Grisham, John - The Appeal by Grisham John

Grisham, John - The Appeal by Grisham John

Author:Grisham, John
Language: eng
Format: epub

for their children. Fear of a serious medical emergency that exceeded their insurance.

Fear of losing the Baker trial. Fear of bankruptcy if the bank pushed too hard.

Since the verdict, the fear had become more of a nuisance than a constant threat.

It was always there, but they had slowly gained control of it. For six straight months now, they had paid the bank $2,000 a month, hard-earned moneys that were left over after all other bills and expenses. It barely covered the interest, and it reminded them of how insurmountable their debt was. But it was symbolic. They were digging out from the rubble and could see the light.

Now, for the first time in years, there was a cushion, a safety net, something to catch them if they fell even deeper. They would take their share of today's settlement and hide it, and when they were afraid again, they would be comforted by their buried treasure.

At ten the following morning, Wes dropped by the bank and found Huffy at his desk.

He swore him to silence, then whispered the good news. Huffy almost hugged him. Mr.

Prickhead was on his back from nine to five, demanding action.

"The money should be here in a couple of weeks," Wes said proudly. "I'll call as soon as it lands."

"Fifty grand, Wes?" Huffy repeated, as if his job had just been saved.

"You got it."

From there Wes drove to his office. Tabby handed him a phone message from Alan York.

Just routine stuff, probably some details to nail down.

But York's voice lacked its usual warmth. "Wes, there's a new wrinkle," he said slowly, as if searching for words.

"What's the matter?" Wes asked. A knot was already forming in his stomach.

"I don't know, Wes, I'm really frustrated, and confused. This has never happened to me, but, well, anyway, Littun Casualty has nipped on the settlement. It's off the table, all of it. They're yanking it. Some tough A-holes. I've been yelling at them all morning. They yell back. This firm has represented the company for eighteen years, never had a problem like this. But, as of one hour ago, they are looking for another firm. I've fired the client. I gave you my word, and now my client has hung me out to dry. I'm sorry, Wes. Don't know what else to say."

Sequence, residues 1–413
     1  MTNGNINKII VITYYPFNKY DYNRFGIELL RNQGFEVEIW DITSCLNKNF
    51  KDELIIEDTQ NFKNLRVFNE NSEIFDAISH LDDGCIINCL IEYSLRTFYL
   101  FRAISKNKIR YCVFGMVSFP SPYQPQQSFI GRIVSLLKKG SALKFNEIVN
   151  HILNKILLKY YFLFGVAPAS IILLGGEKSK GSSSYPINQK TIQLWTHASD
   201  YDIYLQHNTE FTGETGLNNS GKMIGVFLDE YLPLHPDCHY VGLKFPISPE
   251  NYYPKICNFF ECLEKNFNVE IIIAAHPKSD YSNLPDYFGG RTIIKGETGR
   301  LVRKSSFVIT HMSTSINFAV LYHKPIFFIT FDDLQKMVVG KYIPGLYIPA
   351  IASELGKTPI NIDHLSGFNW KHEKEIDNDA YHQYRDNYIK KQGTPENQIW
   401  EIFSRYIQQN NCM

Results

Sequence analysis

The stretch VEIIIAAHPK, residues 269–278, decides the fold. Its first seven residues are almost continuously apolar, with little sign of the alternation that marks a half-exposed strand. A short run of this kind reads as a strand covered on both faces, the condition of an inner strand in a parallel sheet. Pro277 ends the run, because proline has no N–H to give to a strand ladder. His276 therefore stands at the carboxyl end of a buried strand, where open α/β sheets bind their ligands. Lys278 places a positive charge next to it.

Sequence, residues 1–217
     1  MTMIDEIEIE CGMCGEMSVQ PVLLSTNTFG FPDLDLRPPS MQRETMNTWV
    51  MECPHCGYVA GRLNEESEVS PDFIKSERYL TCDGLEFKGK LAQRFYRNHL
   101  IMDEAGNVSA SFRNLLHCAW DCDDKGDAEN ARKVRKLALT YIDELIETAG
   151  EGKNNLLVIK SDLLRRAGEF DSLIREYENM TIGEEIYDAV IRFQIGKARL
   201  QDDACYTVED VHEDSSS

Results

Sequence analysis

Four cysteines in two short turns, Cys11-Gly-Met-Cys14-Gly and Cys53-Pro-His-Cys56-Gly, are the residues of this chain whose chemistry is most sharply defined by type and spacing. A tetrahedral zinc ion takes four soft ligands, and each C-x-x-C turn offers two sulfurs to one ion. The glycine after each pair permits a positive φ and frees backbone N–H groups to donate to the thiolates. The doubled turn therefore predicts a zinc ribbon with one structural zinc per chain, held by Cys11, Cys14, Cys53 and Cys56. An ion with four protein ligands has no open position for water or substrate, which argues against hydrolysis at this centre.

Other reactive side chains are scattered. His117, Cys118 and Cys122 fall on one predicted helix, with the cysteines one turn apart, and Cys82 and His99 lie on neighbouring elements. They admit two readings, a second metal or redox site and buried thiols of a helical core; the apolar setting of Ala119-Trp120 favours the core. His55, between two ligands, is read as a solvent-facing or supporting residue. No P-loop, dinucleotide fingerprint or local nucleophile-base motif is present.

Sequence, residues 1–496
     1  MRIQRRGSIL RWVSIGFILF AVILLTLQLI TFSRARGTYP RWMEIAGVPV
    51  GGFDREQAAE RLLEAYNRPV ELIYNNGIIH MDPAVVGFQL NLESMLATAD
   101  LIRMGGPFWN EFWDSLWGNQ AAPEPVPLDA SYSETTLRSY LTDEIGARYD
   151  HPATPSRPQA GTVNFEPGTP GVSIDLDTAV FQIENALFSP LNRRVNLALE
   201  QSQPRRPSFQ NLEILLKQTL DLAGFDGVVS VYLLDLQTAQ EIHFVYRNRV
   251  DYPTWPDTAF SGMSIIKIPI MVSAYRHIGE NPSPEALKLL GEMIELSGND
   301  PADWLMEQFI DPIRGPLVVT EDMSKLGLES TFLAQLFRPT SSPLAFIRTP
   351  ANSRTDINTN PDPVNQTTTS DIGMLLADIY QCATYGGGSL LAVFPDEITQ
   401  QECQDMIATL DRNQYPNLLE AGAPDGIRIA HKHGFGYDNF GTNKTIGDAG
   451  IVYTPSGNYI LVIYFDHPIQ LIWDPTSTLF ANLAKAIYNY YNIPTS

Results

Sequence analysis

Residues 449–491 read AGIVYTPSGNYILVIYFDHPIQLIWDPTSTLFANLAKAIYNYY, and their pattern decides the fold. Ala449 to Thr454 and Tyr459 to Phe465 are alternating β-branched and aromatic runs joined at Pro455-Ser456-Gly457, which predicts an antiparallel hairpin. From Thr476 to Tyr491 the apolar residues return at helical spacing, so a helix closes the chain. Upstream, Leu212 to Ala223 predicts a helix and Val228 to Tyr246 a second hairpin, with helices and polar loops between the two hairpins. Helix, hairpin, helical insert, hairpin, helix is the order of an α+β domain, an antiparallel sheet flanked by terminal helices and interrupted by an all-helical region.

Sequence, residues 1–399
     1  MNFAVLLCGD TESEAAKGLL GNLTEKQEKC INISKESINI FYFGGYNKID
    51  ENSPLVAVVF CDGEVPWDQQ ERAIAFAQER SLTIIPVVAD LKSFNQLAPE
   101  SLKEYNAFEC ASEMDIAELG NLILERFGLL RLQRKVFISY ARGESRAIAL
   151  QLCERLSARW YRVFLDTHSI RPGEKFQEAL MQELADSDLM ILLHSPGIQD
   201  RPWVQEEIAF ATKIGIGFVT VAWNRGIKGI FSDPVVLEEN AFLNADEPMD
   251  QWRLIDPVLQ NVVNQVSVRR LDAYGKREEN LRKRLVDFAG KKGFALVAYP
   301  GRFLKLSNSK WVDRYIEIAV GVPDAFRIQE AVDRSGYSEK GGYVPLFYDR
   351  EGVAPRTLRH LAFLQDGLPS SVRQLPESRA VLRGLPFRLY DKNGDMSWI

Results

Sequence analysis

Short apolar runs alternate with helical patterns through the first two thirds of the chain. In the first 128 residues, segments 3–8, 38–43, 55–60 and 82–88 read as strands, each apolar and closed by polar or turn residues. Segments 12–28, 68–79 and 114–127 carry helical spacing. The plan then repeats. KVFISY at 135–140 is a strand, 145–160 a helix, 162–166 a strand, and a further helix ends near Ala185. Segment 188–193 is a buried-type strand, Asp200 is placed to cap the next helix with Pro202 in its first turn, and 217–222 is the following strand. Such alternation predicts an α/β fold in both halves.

Wes pinched the bridge of his nose and tried not to groan. After a false start, he said, "Well, Alan, this is a shock."

"Damned right it is, but in all fairness it does no harm to the lawsuit. I'm just glad this didn't happen the day before the trial or something crazy like that. Some

real bad boys up there."

"They won't be so tough at trial."

"Damned right, Wes. I hope you nail these guys for another huge verdict."

"We will."

"I'm sorry, Wes."

"It's not your fault, Alan. We'll survive and push for a trial."

"You do that."

"We'll talk later."

"Sure. Say, Wes, is your cell phone nearby?"

"It's right here."

"Here's my cell number. Hang up and call me back."

When both men were off" the landlines, York said, "You didn't hear this from me, okay?"



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